US 5073751 A
The invention provides an electric energy accumulator of capacitive type, with high capacity, characterized in that it comprises a plurality of electrochemical capacitors (C) connected in parallel and disposed inside the same case (B) comprising an overvoltage detection circuit (DS) and a circuit (CD) for controlling discharge of the capacitors into heat dissipation shunts (S) integrated in the case (B).
1. An electric energy accumulator of capacitive type for use in an electrically motorized turret of a tank, said turret comprising a generally circular rotatable member, the accumulator comprising: a plurality of cases each defining a circular sector, said cases being placed side by side so as to form at least a partial ring mounted to the generally circular rotatable member of the turret, heat dissipation shunts integrated in each said case, a plurality of electrochemical capacitors connected in parallel and disposed inside each said case, each said case further housing an over-voltage detection circuit and a circuit for controlling discharge of the capacitors into the heat dissipation shunts in the case, whereby the capacitors are discharged when an abnormal over-voltage is detected, thereby avoiding explosion of the capacitors and resulting damage in proximity to the turret of the tank.
2. An electric energy accumulator according to claim 6, further comprising a plurality of fuses and being characterized in that the capacitors are distributed inside the respective cases in a plurality of separate batteries (A1 . . . A4) each said battery being electrically connected with one said fuse (F) such that a short circuit in one of said capacitors causes destruction of the fuse (F) of the corresponding batter (A1 . . . A4) and such that the remaining ones of said batteries (A1 . . . A4) continue operating.
3. Electric energy accumulator according to claim 2 characterized in that said accumulator comprises a breakdown detector (DA) for locating one of said cases having a defect in one of said batteries caused by the destruction of said fuse associated therewith.
4. An electric energy accumulator according to claim 3, characterized in that each said case comprises a selectively openable lid (2) and further comprises a switch means (7) for detecting the opening of the lid (2), said switch means being electrically connected to the shunts for automatically triggering off discharge of the capacitors.
The present invention relates to an electric energy accumulator of capacitive type, having a high capacity, applicable more particularly to a system, with energy recovery, for electrically controlling the turret of a tank.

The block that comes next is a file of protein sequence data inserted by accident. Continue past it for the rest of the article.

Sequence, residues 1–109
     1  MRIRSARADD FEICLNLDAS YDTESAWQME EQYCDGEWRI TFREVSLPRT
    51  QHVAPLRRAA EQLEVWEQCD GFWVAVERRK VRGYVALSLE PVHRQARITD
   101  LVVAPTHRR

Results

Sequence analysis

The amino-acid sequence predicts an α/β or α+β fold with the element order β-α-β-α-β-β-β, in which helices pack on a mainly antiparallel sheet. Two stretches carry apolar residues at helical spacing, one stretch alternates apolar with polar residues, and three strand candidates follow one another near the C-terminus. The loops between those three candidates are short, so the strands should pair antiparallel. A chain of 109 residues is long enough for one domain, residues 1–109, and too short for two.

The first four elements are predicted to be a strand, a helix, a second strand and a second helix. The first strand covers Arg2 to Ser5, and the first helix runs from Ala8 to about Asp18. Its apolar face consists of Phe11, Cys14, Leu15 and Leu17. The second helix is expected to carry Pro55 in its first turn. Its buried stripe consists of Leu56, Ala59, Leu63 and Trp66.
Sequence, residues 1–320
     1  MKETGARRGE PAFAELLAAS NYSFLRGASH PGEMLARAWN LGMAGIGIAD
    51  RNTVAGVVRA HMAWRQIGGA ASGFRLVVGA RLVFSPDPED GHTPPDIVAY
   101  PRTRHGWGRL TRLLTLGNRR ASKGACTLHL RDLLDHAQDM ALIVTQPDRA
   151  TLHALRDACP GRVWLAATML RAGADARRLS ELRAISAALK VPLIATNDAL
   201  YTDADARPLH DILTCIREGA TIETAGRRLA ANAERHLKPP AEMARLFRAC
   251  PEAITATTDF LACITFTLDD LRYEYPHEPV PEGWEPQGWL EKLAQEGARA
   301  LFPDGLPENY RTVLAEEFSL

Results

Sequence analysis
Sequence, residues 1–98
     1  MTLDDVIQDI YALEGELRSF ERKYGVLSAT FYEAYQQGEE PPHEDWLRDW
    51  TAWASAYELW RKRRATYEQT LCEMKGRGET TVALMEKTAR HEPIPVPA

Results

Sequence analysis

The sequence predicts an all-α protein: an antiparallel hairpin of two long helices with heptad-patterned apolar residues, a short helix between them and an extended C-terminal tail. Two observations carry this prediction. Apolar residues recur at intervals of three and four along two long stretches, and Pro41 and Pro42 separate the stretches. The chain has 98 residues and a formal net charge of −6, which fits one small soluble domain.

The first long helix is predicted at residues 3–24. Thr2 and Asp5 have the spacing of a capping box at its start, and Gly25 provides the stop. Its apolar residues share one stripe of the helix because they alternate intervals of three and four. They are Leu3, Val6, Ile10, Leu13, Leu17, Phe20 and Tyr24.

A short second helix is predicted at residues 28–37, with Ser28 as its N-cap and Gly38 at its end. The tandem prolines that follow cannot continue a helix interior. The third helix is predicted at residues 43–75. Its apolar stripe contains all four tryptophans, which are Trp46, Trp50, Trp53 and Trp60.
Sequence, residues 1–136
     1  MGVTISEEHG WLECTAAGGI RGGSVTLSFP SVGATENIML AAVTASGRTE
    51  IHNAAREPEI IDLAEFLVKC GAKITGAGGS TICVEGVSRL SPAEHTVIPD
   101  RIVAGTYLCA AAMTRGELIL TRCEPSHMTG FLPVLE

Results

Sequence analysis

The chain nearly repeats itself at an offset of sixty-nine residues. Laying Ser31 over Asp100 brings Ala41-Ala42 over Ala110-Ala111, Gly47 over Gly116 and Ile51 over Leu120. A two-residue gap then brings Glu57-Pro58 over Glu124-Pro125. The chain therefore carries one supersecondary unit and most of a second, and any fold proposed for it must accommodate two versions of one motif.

In such an application, a high capacity accumulator is required which raises both problems of space and problems of safety for the users. In fact, the capacitors are likely to explode when they are subjected to a voltage higher than their rated voltage. Now, the effects of such an explosion are obviously all the greater the higher the capacity.
The main object of the present invention is then to provide a high capacity accumulator having at the same time high safety in use.
For this, the accumulator of the invention is essentially characterized in that it comprises a plurality of electrochemical capacitors connected in parallel and disposed inside the same case comprising an overvoltage detection circuit and a circuit for controlling the discharge of the capacitors into heat dissipation shunts integrated in the case.
With this arrangement, the capacitors no longer risk exploding, since they are immediately discharged as soon as an abnormal overvoltage is detected. In addition, since these capacitors are enclosed in a case, the risks of electrocution are very limited.
Preferably, the capacitors are distributed inside each case in several batteries each associated with a fuse. Also preferably, a breakdown detector is provided for locating the defective capacitor battery.
Thus, in the case of a short-circuit on one of the capacitors, the fuse is destroyed and isolates the corresponding battery, which does not endanger the correct operation of the whole. Furthermore, the defective battery is located and may then be repaired as soon as the conditions of use permit it.